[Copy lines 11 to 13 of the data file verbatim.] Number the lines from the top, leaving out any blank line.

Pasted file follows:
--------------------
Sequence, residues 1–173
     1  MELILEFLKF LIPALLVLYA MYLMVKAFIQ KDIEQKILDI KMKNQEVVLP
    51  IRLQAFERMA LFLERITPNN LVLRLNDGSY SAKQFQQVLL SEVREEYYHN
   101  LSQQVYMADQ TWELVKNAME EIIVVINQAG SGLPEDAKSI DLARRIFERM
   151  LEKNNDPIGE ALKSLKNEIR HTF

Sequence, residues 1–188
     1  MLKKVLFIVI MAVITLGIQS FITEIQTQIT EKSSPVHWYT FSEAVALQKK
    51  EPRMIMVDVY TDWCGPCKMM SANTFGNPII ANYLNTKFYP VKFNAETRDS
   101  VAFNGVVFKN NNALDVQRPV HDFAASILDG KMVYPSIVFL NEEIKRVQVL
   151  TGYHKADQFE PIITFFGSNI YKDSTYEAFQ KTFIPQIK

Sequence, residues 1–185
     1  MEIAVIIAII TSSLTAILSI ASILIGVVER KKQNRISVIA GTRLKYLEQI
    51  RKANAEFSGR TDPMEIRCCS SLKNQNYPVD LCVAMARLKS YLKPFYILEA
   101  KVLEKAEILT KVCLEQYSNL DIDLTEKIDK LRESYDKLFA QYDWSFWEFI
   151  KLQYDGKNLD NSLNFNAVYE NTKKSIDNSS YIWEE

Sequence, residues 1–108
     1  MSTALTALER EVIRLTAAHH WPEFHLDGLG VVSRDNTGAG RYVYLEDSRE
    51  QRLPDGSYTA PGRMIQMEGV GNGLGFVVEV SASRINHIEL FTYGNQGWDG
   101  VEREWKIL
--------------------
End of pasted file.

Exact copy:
Sequence, residues 1–185
     1  MEIAVIIAII TSSLTAILSI ASILIGVVER KKQNRISVIA GTRLKYLEQI
    51  RKANAEFSGR TDPMEIRCCS SLKNQNYPVD LCVAMARLKS YLKPFYILEA